US7002821B2 - Zero drift analog memory cell, array and method of operation - Google Patents

Zero drift analog memory cell, array and method of operation Download PDF

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US7002821B2
US7002821B2 US10/822,555 US82255504A US7002821B2 US 7002821 B2 US7002821 B2 US 7002821B2 US 82255504 A US82255504 A US 82255504A US 7002821 B2 US7002821 B2 US 7002821B2
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George E. Gerpheide
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Vodafone GmbH
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Abstract

A zero-drift analog memory (ZDAM) cell that indefinitely maintains an output signal at a discrete voltage while the memory circuit is powered, wherein the memory circuit receives an input signal, passes the input signal to a storage element upon receiving an assertion signal, maintains an output signal at a level of the input signal when the assertion signal is removed, and utilizes a zero-drift transfer function feedback loop on the output signal to maintain the output signal. A memory array including a plurality of ZDAM cells and method of operation are also disclosed.

Description

CROSS-REFERENCE TO RELATED APPLICATIONS

This utility patent application claims priority to U.S. provisional patent application Ser. No. 60/462,372, filed Apr. 11, 2003.

BACKGROUND OF THE INVENTION

1. Field of the Invention

The present invention relates generally to memory devices. More particularly, the present invention pertains to analog memory circuits that are capable of long-term memory storage without losing data integrity.

2. Description of Related Art

Sample and hold circuits are a well known and conventional method of storing analog information. FIG. 1 illustrates a circuit diagram of an conventional sample and hold circuit implemented with analog circuitry. One problem with the conventional sample and hold circuit is the leakage current represented by Rleak which causes a non-negligible drift of the output voltage, VOUT. Note that Rleak may also be connected between point H and ground. This voltage drift of a conventional sample and hold circuit may become significant period of a few minutes or even seconds. There have been many attempts in the prior art to overcome this fundamental problem, but, there tends to remain at least some measurable leakage current and usually with significant added cost from additional circuitry.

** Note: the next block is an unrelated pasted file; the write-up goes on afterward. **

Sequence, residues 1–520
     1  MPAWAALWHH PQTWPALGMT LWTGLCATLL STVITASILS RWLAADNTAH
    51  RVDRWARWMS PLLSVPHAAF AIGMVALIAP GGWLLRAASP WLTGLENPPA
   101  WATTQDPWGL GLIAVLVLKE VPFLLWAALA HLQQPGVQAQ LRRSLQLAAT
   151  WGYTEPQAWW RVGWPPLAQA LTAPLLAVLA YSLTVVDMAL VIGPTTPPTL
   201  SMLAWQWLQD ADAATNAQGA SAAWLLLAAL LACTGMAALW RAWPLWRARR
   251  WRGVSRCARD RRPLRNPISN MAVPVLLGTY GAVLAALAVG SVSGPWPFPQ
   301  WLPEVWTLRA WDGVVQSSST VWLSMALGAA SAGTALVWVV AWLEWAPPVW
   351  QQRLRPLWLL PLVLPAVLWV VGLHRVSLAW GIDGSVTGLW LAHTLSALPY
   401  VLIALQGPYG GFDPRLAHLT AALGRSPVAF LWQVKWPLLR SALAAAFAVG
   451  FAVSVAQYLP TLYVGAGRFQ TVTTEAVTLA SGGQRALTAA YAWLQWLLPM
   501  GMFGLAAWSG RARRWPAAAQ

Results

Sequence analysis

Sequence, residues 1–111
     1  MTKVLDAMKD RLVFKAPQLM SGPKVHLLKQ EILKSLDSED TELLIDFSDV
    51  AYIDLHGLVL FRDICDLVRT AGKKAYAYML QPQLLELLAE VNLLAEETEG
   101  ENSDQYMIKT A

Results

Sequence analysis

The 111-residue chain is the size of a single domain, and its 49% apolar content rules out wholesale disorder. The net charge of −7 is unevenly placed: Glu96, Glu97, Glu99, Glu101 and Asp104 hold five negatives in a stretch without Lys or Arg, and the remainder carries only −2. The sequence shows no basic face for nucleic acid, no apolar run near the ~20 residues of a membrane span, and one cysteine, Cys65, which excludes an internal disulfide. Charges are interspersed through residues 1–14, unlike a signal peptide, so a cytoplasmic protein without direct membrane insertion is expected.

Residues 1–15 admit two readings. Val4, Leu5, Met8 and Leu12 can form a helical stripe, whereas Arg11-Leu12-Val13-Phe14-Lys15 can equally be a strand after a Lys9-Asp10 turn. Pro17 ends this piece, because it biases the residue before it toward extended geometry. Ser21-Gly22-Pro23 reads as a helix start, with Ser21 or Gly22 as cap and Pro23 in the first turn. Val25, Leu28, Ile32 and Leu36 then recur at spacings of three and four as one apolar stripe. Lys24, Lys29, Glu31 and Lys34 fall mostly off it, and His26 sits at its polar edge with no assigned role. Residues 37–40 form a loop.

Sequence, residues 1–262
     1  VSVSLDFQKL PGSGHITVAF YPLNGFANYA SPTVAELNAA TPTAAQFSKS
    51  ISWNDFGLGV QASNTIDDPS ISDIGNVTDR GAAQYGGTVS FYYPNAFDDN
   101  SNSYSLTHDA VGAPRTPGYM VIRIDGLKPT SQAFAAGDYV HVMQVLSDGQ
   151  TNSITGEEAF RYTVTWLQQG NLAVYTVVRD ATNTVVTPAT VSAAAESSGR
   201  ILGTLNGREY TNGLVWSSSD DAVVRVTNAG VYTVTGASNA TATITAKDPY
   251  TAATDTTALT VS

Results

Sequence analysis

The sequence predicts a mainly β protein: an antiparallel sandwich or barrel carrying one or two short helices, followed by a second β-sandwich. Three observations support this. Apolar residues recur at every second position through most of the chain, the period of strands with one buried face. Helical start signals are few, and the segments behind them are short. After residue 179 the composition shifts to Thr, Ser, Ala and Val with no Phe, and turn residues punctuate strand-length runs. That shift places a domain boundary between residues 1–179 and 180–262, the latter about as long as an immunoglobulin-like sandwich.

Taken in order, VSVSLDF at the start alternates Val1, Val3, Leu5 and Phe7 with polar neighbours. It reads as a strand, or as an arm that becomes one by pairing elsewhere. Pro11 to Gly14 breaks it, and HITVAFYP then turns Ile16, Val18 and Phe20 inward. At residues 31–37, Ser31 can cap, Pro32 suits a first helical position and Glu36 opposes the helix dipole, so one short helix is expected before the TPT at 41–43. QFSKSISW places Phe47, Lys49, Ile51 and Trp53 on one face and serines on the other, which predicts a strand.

FIG. 2 is a circuit diagram of an exemplary sample and hold circuit using digital circuit elements according to the prior art. The input voltage, VIN, is input to an analog-to-digital (A/D) converter, and then digitally stored in latch. The digital value can then be reconverted to an analog output voltage, VOUT, by using a digital-to-analog (D/A) converter. It should be apparent that a digital latch circuit as shown in FIG. 2 will hold a number indefinitely, thereby eliminating voltage drift of VOUT. However, a significant amount of circuitry is required to implement the A/D and D/A conversions required, thus, resulting in a large die area and significant cost disadvantages.

FIG. 3 is a circuit diagram of a tunnel injection device in a static analog memory circuit of the prior art, e.g., Diorio et al., “A High-Resolution Nonvolatile Analog Memory Cell”, Proceedings of the 1995 IEEE International Symposium on Circuits and; Systems, Vol. 3, pp. 2233-36, 1995. Although the static analog memory circuit is capable of generating a desired output voltage, VOUT, that will not drift, such a circuit typically must be implemented using non-standard voltages or non-standard integrated circuit processes, making the circuit difficult and expensive to use.

U.S. Pat. No. 5,479,170 to Cauwenberghs et al. discloses a long-term storage dynamic analog memory. The Cauwenberghs et al. device includes a binary quantizer and increment/decrement means for iteratively adjusting the stored analog value to proximity with one of a set of predetermined discrete analog memory levels. However, the Cauwenberghs et al. device appears to require an A/D converter and its associated cost.

Accordingly, there exists a need in the art for a dynamic analog memory circuit that eliminates output voltage, VOUT, drift over a significant period of time, while using standard voltages and integrated circuit processes and minimal circuitry.